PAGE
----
A week ago I wrote that Donald Trump’s consciousness-of-guilt will haunt him forever regardless of the outcome of the Senate impeachment trial.
One week later the Republican-controlled Senate not surprisingly voted to acquit Trump. Only one Senator, Mitt Romney, broke tightly-held party ranks and voted to convict…but not before delivering a powerfully poignant, courageous and scathing indictment of the president’s actions:
“…The grave question the Constitution tasked senators to answer is whether the president committed an act so extreme and egregious that it rises to the level of a high crime and misdemeanor. Yes, he did.”
It didn’t take long for Trump’s crippling insecurities (and obsessive Obama jealousy) to fire back. Just after midnight he tweeted…
“Had failed presidential candidate @MittRomney devoted the same energy and anger to defeating a faltering Barack Obama as he sanctimoniously does to me, he could have won the election. Read the Transcripts!”
And this morning, attending the annual National Prayer Breakfast in Washington, DC, Trump bitterly attacked the impeachment process and his opponents…including Romney and House Speaker Nancy Pelosi, who he claimed ‘used their faith to justify doing what’s wrong.’
Just as I wrote last week, no matter Trump’s claims that the Mueller probe “totally exonerated” him…no matter that his weak, feckless cowardly Senate Republicans abdicated their Constitutional oath to acquit him as predicted…he can’t and won’t let go. He’s trapped in his emotional prison, where his guilt and illegitimacy consume him.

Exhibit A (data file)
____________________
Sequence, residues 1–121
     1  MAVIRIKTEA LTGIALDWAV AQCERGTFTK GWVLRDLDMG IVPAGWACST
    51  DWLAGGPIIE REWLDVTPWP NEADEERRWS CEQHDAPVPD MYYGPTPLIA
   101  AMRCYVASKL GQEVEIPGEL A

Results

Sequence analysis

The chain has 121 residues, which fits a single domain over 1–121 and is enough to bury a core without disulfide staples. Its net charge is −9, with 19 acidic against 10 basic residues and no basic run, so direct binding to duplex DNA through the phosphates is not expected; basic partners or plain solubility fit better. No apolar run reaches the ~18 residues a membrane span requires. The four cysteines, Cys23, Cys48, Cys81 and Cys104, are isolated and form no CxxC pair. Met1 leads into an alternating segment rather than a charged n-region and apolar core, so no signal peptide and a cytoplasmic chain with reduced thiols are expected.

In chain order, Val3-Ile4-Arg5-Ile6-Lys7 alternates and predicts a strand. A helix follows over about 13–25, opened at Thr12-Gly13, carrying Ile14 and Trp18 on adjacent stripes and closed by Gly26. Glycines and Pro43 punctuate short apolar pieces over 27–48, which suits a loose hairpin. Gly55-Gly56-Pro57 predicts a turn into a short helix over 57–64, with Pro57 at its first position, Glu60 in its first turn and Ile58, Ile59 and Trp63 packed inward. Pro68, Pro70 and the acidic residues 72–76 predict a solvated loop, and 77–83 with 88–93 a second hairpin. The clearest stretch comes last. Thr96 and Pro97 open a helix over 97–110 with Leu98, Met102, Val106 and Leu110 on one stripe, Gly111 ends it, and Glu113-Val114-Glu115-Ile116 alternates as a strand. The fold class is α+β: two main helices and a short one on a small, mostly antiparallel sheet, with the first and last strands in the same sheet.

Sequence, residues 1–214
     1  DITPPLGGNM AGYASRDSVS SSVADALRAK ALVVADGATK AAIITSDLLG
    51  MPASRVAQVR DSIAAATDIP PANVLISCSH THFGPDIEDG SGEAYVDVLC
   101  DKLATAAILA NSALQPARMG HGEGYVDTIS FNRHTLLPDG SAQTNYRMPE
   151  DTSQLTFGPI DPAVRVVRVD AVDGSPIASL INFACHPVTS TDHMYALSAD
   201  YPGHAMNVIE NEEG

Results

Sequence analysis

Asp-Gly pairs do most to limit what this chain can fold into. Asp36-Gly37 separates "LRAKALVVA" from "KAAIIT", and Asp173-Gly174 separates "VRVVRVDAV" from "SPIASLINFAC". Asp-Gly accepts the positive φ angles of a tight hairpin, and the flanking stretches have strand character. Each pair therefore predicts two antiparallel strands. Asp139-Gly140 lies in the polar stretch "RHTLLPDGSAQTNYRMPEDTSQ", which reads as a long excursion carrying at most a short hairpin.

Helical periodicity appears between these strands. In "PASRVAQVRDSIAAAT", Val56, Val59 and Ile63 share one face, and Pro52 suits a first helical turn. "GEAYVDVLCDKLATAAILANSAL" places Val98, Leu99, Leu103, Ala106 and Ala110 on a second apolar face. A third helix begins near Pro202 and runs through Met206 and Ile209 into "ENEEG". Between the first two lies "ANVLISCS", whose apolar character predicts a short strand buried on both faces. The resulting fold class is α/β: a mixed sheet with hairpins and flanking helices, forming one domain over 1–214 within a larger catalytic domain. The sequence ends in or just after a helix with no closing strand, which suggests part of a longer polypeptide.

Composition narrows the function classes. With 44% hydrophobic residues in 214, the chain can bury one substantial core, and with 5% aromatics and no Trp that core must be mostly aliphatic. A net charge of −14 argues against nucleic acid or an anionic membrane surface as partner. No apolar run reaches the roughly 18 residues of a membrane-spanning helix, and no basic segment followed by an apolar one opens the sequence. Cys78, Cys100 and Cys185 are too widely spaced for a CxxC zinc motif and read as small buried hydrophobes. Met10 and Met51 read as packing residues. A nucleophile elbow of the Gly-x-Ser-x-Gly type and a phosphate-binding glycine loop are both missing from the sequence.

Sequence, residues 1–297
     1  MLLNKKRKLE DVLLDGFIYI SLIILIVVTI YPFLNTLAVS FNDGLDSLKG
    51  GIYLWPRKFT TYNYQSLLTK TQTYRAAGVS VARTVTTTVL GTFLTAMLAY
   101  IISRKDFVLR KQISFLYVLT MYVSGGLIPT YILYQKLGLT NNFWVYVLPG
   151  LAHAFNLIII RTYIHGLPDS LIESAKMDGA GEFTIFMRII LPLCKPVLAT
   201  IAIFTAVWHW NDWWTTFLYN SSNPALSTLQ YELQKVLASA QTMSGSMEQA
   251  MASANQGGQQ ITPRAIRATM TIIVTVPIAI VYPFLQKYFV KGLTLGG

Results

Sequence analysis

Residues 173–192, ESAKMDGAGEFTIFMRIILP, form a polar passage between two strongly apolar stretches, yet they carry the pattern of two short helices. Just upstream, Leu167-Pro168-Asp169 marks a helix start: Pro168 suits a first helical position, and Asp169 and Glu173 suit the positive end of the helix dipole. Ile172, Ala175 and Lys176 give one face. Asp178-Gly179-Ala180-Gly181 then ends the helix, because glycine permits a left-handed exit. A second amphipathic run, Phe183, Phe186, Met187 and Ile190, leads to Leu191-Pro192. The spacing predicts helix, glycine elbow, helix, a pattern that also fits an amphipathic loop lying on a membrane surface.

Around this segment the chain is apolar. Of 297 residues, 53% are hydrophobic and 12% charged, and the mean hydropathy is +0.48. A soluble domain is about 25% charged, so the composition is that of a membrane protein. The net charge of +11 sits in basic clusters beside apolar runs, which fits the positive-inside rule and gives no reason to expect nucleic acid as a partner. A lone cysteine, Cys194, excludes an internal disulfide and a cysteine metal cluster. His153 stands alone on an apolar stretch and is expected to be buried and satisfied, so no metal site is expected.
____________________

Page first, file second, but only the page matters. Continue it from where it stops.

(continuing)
Trump knows what he did. He knows we know what he did. We also now know that many Republican Senators know what he did. It’s not just Romney who’s issued a public rebuke of his corrupt behavior. Senators Lisa Murkowski (“shameful and wrong”), Lamar Alexander (“inappropriate”), Susan Collins (“wrong”), Marco Rubio (“actions meet a standard of impeachment”) are part of the bi-partisan chorus of condemnation.
But in what will go down as the greatest, most shameful partisan cover-up in political history, only Romney honored his oath to both country and faith. The others, though politically-expediently critical of Trump, disingenuously claimed his behavior is not impeachable. History will judge them accordingly.
So here we are. With an exonerated and acquitted yet still angry, bitter, resentful, insecure Trump ravaged by guilt and illegitimacy. It should be over, but it’s not. It will never be over. Not for Trump. That’s what guilt does to ya. It compels you to spend every minute of every waking day desperately trying to prove innocence.
It’s a life sentence.